Merkley, Jeffrey A.
Most widely held works by Jeffrey A Merkley
The B-1B bomber and options for enhancements by Jeffrey A Merkley ( Book )
2 editions published in 1988 in English and held by 290 WorldCat member libraries worldwide
Trident II missiles : capability, costs, and alternatives by Jeffrey A Merkley ( Book )
2 editions published in 1986 in English and held by 271 WorldCat member libraries worldwide
The Trident II missile test program : implications for arms control by Jeffrey A Merkley ( Book )
1 edition published in 1987 in English and held by 1 WorldCat member library worldwide
Trident II missiles : capability, costs, and alternatives ; a special study by Jeffrey A Merkley ( Book )
1 edition published in 1986 in English and held by 1 WorldCat member library worldwide
The B-1B Bomber and Options for Enhancements ( Book )
1 edition published in 1988 in English and held by 1 WorldCat member library worldwide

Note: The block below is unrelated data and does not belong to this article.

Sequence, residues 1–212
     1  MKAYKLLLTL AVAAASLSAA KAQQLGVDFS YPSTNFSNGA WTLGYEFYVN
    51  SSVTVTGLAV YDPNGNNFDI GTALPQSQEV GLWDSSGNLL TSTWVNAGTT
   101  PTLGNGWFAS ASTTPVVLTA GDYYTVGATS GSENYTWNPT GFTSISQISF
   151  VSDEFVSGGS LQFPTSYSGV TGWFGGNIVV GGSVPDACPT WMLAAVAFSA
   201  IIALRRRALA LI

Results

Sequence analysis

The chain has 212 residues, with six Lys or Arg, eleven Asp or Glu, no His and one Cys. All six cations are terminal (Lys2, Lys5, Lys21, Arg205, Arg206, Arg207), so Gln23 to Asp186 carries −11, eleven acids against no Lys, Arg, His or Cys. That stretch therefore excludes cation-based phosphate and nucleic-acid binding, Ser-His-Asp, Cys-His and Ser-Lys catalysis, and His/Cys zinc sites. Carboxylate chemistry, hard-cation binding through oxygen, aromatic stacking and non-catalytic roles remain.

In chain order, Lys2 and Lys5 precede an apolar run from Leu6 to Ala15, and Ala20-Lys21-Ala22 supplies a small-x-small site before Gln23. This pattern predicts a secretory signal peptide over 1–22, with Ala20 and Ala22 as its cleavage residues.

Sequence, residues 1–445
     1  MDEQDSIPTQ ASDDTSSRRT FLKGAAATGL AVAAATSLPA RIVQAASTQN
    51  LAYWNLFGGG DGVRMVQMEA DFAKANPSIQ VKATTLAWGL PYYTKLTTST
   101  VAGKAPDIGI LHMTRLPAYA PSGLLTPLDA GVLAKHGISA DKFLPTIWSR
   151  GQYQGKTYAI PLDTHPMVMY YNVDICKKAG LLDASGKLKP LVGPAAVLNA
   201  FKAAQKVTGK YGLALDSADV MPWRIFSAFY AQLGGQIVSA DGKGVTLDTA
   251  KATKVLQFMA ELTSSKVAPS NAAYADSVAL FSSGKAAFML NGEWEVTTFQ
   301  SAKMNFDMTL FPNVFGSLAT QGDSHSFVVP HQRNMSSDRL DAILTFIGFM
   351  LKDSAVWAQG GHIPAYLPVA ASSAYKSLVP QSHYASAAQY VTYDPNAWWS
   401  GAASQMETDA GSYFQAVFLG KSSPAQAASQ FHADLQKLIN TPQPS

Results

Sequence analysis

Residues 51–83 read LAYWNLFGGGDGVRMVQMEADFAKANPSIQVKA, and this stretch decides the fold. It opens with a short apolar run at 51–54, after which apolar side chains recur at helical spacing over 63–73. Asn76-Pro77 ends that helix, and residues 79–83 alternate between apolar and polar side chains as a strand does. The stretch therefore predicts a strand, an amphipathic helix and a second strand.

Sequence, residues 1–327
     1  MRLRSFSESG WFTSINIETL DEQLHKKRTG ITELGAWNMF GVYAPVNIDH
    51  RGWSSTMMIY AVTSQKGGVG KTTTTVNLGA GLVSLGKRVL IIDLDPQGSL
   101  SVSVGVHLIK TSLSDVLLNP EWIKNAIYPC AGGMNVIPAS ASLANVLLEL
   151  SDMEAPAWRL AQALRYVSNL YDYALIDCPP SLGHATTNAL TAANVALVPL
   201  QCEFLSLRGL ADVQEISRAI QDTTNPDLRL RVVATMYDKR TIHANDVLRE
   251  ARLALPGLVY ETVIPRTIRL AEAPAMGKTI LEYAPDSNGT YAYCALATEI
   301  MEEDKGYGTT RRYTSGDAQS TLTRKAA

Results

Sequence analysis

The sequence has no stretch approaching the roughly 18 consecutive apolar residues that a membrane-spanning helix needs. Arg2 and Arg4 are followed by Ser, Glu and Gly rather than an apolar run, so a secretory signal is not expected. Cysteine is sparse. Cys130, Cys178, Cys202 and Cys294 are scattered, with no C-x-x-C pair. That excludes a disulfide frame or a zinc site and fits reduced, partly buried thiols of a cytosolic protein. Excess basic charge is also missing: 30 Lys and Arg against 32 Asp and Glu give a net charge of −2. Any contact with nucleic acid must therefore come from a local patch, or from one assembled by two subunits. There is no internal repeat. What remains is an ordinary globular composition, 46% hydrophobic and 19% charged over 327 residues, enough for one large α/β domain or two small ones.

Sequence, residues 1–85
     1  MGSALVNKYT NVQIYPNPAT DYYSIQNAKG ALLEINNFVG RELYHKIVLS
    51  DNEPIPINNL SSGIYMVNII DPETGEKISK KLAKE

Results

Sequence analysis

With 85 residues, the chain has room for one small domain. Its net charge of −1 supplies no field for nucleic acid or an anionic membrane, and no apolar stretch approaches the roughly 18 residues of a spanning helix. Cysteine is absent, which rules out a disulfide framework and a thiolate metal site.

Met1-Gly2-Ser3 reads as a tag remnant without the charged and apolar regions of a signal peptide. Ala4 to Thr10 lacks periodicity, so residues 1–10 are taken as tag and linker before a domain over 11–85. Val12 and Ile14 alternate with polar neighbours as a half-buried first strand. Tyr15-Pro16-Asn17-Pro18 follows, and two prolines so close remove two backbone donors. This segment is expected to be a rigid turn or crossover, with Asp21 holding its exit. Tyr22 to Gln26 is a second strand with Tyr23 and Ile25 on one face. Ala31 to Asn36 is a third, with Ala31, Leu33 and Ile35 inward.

The United States is modernizing each leg of its "triad" of strategic nuclear weapons, which includes land-based intercontinental ballistic missiles, sea-launched missiles, and bombers. Bombers are being modernized in several ways. The United States is developing the new B-2 or "stealth" bomber, which incorporates features that hide it from enemy radar. Older B-52G and B-52H bombers are being modified to carry air-launched cruise missiles--small, pilotless drones that can be launched at long distances from a target. Two new weapons for bombers are also being developed: an advanced cruise missile for long-range attacks and a new short-range attack missile. In addition to modernizing existing aircraft, the United States has just completed deployment of 100 new B-1B bombers that are the focus of this analysis. Those bombers have experienced a variety of problems that diminish their performance. The Air Force is striving to solve those problems. Moreover, it will probably propose a package of enhancements to expand the B-1B's capabilities. If all enhancements currently under consideration are pursued, that package could cost as much as $8 billion. This study first reviews the status of the Air Force programs to correct the problems with the B-1B and then reviews the choices the Congress could make regarding the anticipated enhancements. Those choices depend in large part on the mission selected for the B-1B bomber. Should it be employed as long as possible in a role that requires it to penetrate Soviet airspace to attack targets at short ranges? Or should it be transferred to a standoff role, employing cruise missiles to attack targets at longer ranges?